Although the construction permits were terminated on September 15, 2006, TVA is investigating completion of these first two units with operation projected to start Unit 1 in 2017 and Unit 2 in 2021. In August 2008 TVA asked the NRC to reinstate the construction permits as part of the restart evaluation. This request was granted by the NRC on February 9, 2009, albeit as a terminated application which required significant inspection of all systems to bring the license to the deferred stage. The status was upgraded January 14, 2010 to deferred.[5]

Units 3 and 4[edit]

On September 22, 2005 it was announced that Bellefonte was also selected as the site for one or two AP1000 pressurized water reactors to be called Units 3 and 4. TVA filed the necessary applications[6] in November 2007 to begin the design and construction process. For details, see Nuclear Power 2010 Program.

In August 2009, the Tennessee Valley Authority, faced with "falling electric sales and rising costs from cleaning up a massive coal ash spill in Tennessee", trimmed plans for the potential four-unit Bellefonte nuclear plant to one reactor.[7]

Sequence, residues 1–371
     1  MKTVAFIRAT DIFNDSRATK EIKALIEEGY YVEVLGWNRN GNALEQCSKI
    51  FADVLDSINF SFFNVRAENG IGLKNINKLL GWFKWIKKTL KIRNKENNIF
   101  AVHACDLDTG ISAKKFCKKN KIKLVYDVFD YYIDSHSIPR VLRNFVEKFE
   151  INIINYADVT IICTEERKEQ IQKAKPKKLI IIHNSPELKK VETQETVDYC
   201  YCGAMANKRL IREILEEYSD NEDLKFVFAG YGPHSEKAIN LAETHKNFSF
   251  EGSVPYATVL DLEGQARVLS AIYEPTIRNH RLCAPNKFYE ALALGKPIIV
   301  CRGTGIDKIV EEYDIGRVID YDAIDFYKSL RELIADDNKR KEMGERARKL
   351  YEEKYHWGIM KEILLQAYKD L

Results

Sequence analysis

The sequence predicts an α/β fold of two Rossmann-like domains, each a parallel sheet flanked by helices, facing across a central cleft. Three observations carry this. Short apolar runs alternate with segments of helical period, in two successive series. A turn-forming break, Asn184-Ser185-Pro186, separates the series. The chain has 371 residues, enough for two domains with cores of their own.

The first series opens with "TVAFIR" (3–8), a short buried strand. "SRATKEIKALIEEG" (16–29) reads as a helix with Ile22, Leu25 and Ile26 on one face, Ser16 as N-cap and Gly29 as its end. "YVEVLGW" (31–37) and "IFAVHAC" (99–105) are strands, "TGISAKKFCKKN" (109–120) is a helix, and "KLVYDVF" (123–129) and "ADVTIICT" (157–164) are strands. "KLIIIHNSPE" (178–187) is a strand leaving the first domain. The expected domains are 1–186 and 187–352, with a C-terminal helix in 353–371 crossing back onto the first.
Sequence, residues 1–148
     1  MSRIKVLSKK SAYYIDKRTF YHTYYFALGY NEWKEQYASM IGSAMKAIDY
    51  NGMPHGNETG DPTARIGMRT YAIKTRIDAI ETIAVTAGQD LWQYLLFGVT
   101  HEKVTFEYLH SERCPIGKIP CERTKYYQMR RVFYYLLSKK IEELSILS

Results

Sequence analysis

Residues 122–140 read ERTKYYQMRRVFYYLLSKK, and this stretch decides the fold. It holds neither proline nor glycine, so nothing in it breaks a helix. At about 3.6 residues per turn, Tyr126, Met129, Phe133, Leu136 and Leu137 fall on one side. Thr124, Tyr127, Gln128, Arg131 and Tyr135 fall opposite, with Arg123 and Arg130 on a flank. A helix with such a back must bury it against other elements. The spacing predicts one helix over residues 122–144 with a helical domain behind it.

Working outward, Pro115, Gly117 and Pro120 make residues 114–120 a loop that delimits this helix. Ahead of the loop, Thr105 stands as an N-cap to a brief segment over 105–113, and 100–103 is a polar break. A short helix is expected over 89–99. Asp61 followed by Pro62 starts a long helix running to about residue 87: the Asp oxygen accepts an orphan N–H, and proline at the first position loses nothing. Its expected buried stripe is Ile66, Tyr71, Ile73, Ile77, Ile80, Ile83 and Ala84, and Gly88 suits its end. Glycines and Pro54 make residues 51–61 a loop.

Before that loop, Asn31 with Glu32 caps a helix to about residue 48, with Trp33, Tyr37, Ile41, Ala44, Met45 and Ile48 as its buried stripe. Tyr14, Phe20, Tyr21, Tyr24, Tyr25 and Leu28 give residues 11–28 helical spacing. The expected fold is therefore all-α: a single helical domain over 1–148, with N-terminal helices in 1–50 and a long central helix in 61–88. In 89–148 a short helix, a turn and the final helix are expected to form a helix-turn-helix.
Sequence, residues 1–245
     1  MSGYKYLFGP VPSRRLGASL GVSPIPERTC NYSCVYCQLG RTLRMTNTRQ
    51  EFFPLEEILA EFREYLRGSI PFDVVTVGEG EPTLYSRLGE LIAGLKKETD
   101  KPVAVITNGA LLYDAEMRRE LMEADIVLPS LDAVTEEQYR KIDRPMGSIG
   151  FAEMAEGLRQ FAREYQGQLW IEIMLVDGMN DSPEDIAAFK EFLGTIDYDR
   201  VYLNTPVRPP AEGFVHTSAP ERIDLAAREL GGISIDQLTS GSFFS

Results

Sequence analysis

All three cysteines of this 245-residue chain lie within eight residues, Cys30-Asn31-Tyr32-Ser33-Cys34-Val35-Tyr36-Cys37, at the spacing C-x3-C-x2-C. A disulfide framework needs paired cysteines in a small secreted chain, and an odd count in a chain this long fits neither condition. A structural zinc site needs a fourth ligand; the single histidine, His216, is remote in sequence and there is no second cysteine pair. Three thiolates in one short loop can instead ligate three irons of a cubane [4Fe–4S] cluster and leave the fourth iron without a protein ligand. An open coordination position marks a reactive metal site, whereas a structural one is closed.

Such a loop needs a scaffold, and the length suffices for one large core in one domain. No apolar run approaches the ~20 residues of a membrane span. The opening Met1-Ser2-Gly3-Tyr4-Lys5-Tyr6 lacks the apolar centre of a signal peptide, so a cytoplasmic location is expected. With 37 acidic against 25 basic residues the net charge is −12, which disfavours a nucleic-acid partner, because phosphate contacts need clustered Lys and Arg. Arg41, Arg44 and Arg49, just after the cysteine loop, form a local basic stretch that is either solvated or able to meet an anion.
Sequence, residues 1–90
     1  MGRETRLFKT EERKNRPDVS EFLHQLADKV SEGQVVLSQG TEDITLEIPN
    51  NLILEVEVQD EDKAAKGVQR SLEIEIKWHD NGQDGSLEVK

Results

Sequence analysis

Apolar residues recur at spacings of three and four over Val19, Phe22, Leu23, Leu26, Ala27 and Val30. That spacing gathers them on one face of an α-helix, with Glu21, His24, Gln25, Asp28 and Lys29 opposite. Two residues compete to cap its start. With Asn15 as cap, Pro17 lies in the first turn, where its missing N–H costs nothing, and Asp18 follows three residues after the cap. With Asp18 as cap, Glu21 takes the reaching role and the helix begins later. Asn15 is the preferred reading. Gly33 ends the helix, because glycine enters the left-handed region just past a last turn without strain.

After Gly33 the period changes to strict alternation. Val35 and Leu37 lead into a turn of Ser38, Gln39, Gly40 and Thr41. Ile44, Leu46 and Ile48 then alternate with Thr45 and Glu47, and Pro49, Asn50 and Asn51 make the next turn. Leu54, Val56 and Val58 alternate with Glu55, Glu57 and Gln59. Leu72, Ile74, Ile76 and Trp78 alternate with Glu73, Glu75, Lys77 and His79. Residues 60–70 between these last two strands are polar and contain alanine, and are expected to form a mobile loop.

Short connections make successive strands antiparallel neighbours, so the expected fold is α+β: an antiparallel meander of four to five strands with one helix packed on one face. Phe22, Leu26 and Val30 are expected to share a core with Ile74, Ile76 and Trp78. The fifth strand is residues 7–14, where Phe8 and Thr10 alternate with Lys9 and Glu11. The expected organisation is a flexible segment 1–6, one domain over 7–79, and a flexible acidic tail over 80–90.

Recent developments[edit]

On August 20, 2010 the TVA Board of Directors authorized $248 million to continue development of the Bellefonte Unit 1.[8] On August 18, 2011, the TVA board of directors voted to move forward with the construction of the unit one reactor at Bellefonte.[2]

But as of March 2012, many contractors have been laid off and the ultimate cost and timing for Bellefonte 1 will depend on work at another reactor TVA is completing - Watts Bar 2 in Tennessee. In December 2012, TVA said the Watts Bar 2 project is on schedule to finish in December 2015.[9]

TVA again announced staffing cuts at the plant in June 2013, reducing staffing at the plant from 540 to approximately 140.[10][11]

In October, 2013, it was announced that former TVA Chairman Dennis Bottorff and financier Franklin L. Haney have drafted a proposal to finish the Bellefonte Nuclear Plant using private funds and federal tax credits.[12]

Reactor data[edit]

The Bellefonte Generating Station consist of two cancelled reactors, two additional are planned.

Reactor unit Reactor type Capacity Construction started Electricity grid connection Commercial operation Shutdown
Net Gross
Bellefonte-1[13] B&W-205 1235 MW 1263 MW 01.01.1974 Cancelled construction on 01.01.1988, but planned to resume construction
Bellefonte-2[14] B&W-205 1235 MW 1263 MW 01.01.1974 Cancelled construction on 01.01.1988
Bellefonte-3[15] AP1000 1117 MW 0 MW Cancelled plan
Bellefonte-4[16] AP1000 1117 MW 0 MW Cancelled plan


External links[edit]